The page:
Well, number 1s are what’s known as PET, that’s the acronym for it. That’s the material that your standard water bottle is made up of. The number three is PVC, polyvinyl chloride, and that’s a problem all around. So is the PET. Two things are that neither PET or PVC — the 1s or the 3s — make oil. They make other things, but they do not make oil. They don’t make wax. I like to say they make trouble because when we put them in our plant, what happens is they break down into various chemicals that can do several different things. They can clog the piping up.
When PVC breaks down under heat, which is what this process involves, break down into hydrochloric acid and a couple of other chlorinated materials that are not desirable. It can do two things: it can damage equipment — it’s a hot acid — and it can get into your finished product: your oil and your wax. And that causes a problem downstream.
I mentioned earlier are off-take partners take this material and put it in their equipment. Well, they have to have very, very low chloride levels, and that polyvinyl chloride contributes to that. So we try to keep that out at all costs. And then last in the bucket, there’s a number 7. Now, number 7 is kind of a catch-all that takes in all different kinds of plastics that don’t fall into those other categories. Nylon, for instance, falls into that category. Polyurethane, polyester, polycarbonate, like Plexiglas, things like that. Those all fall into that number 7 category. And like the 1s and 2s, they just don’t make oil. And, as a bonus, they make things that are harmful to the process.
So we really try to keep those materials out. And not to sound like it’s being very restrictive. And we can only take a small amount, but a vast majority of the products that are going to landfill that are called plastics are generally polyethylene, and a lot of it is the number 4. It’s the film plastic. It’s the sheet plastic. So there are your categories right there.
Host Raj Daniels 21:15
I appreciate the in-depth explanation. Now going back to the process for a moment, and obviously, without giving away any trade secrets, can you walk us through technically how the plastic gets transformed?
Jeff Gold 21:26
Sure, I’d love to. And I’ll try to keep this relatively straightforward and simple. So we have a process that starts — we get bales of plastic, and these are weighing anywhere from 800 to 1500 pounds. It’s a big bale of plastic that comes in the trucks. That’s how they get it to us. And we break those open, and we take a quick look and make sure there’s nothing in there that’s going to be particularly harmful, things like big sheets of cardboard, or paper, or a bowling ball, or transmissions, as we have found in the past.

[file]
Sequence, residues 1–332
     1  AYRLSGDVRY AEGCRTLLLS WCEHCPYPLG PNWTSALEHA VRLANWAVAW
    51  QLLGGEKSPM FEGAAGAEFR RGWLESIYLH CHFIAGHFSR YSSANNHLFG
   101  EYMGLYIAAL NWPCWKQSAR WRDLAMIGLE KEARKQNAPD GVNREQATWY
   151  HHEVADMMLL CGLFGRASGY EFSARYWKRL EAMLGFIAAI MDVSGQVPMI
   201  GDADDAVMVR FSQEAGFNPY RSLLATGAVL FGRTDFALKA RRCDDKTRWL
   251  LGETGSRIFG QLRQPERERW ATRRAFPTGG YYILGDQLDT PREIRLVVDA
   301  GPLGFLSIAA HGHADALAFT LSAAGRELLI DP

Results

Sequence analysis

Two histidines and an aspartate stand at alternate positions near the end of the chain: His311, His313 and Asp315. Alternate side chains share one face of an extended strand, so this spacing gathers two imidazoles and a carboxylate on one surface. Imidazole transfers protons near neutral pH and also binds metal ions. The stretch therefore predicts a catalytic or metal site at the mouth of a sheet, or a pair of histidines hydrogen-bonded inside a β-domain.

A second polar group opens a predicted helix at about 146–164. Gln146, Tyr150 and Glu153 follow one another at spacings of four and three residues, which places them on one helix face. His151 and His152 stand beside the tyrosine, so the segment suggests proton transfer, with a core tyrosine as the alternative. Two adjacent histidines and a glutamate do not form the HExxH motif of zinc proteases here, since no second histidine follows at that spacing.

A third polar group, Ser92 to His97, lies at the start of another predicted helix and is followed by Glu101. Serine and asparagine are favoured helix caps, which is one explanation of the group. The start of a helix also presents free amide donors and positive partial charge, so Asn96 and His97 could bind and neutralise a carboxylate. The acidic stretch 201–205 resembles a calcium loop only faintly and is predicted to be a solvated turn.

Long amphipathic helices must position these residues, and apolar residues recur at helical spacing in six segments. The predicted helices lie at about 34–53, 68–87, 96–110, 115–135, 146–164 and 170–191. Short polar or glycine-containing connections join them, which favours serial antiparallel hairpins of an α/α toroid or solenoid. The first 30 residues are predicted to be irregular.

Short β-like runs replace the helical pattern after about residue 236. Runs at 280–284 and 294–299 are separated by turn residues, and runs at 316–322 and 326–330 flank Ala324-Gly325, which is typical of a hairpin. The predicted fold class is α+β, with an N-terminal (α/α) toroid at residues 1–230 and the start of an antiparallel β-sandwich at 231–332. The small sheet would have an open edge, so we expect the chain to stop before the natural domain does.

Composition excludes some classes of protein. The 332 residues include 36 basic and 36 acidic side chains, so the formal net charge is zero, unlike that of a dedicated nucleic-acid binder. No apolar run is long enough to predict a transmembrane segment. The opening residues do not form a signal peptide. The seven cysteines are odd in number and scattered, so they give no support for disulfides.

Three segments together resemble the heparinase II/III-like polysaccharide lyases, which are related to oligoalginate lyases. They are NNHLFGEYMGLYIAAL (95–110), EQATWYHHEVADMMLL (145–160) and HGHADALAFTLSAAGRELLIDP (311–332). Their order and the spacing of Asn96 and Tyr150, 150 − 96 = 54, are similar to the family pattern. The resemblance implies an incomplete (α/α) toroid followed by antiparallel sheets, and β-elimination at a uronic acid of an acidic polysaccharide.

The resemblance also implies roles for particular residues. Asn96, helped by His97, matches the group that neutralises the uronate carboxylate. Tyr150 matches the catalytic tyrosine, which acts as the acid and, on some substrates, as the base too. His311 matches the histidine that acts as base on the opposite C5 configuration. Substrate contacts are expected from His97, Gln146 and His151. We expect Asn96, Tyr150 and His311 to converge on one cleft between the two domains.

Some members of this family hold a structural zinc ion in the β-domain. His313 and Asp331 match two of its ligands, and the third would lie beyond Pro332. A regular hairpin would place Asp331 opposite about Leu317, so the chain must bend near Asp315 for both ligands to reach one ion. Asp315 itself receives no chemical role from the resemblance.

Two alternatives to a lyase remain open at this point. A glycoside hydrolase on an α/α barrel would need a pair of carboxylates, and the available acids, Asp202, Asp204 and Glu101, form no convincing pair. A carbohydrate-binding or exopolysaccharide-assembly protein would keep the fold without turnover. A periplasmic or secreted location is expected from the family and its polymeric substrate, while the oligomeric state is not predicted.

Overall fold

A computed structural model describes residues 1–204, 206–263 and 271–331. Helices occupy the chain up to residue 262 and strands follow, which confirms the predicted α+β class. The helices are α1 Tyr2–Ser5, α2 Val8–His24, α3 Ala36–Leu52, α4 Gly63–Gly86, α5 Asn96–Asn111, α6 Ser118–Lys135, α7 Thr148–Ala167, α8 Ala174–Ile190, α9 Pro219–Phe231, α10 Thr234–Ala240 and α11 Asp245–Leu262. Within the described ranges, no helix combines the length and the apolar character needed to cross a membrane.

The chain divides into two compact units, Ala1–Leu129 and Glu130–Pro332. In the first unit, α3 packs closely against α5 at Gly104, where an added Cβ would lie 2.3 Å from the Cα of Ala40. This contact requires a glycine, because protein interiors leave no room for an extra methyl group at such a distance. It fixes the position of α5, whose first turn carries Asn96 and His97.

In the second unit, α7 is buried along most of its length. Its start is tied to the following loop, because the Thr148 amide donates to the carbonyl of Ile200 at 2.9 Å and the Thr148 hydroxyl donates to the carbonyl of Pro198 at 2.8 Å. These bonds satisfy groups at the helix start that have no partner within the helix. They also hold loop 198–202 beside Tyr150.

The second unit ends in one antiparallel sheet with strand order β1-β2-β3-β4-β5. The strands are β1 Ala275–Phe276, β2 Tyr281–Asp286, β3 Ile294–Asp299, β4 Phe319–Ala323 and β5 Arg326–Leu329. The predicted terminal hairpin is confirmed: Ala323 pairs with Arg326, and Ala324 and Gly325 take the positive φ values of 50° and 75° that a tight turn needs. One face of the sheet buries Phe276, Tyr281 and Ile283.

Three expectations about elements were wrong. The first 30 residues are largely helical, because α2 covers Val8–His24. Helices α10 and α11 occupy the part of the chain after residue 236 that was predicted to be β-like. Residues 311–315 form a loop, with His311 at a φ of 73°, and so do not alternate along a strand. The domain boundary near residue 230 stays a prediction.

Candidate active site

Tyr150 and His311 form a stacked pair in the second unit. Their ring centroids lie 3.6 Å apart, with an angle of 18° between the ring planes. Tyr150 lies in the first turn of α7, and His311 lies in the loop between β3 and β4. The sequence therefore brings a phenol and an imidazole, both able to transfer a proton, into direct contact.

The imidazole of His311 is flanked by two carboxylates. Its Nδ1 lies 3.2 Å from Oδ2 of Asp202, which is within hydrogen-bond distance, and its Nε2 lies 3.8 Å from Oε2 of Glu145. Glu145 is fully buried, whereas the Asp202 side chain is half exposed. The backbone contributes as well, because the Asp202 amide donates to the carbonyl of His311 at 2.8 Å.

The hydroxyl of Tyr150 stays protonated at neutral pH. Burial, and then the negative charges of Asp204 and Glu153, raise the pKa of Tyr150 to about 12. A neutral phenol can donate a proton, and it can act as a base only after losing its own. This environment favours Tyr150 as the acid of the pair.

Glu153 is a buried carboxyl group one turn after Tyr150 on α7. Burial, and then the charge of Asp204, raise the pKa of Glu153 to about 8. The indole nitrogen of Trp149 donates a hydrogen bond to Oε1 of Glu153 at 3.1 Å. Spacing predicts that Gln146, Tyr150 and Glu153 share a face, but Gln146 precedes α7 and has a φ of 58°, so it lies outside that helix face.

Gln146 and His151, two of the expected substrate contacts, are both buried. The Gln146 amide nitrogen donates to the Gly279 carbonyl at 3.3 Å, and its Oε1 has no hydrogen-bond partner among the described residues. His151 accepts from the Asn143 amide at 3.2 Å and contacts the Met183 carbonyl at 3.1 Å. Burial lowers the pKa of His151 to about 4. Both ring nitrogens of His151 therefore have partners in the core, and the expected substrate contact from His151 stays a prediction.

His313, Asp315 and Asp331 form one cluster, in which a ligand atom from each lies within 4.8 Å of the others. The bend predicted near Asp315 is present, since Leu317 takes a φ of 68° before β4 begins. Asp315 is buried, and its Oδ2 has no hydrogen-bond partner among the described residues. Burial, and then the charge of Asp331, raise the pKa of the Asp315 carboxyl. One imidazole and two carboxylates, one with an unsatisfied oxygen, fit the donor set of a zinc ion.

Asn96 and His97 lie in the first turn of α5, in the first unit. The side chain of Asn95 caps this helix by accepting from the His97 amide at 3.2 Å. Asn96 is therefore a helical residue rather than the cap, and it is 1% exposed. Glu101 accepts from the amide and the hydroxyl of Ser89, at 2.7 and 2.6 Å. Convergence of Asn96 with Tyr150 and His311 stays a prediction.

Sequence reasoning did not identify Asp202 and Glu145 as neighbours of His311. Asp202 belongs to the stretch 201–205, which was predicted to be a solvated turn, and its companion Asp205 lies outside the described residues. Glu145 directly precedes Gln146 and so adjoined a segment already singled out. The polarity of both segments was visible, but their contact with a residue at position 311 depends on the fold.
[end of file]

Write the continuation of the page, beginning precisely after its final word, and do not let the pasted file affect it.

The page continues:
We then take that plastic, and we load it into the front end of our system. We have a series of conveyors and a series of shredders that we use, and it breaks that material up; it tears it apart. And then we bring it up on what’s called a sort line, where we have a couple of folks that are watching up there as it goes by in a conveyor belt. They’re keeping their eyes out for anything that we don’t want. Zip ties because they’re made of nylon.
We don’t want rubber bands, or pieces of wood, or pieces of metal. From there, the material goes under a magnet where we are pulling out any iron material, any ferrous material. And then it goes to a secondary shredder where it’s brought down to a small, fine, kind of fluffy mix. And that’s the size we need to have to feed it into the next section of the plan. So from there, we feed it into a series of extruders. And extruders are simply machines that take solid plastic and melt it. That’s all it is. And then it pumps it at the same time. So if you can imagine a tube with a screw in it. And that tube is then heated up. And as the plastic moves through that tube, because the screw is turning it, it’s melting, and it’s getting less solid and more liquid. It comes out of that extruder like toothpaste. That kind of consistency.
From there, it goes into our reactors. It’s not really a reactor, it’s just a big heater. A heating kettle, sort of. And we stir it around, and we braise the heat up even higher to where it needs to be. And what happens in that reactor, then, is the plastic starts coming apart. It starts breaking apart. Essentially, what we’re doing is taking heat and using it like scissors. We’re cutting up these long chains, these polymers of plastic, and we’re snipping them up into smaller and smaller chains. And as they get smaller, what they tend to do is they’ll come off, if you can think of it as boiling off, for instance. It comes out as a vapor. And at that point, now it’s very easy. All we have to do is cool that vapor down. And what comes out then is wax. We call the first — cut, we call it — coming off there as wax. That’s a heavier thing. These are the longer chains that came out. And then we have an oil cut that comes out. And those are the smaller things. And that oil is just like synthetic crude oil, but we can make gasoline out of it, we can make kerosene out of it, we can make diesel. If we wanted to make a fuel product, we don’t want to do that. But they’re the liquid products that we collect, the wax and the oil.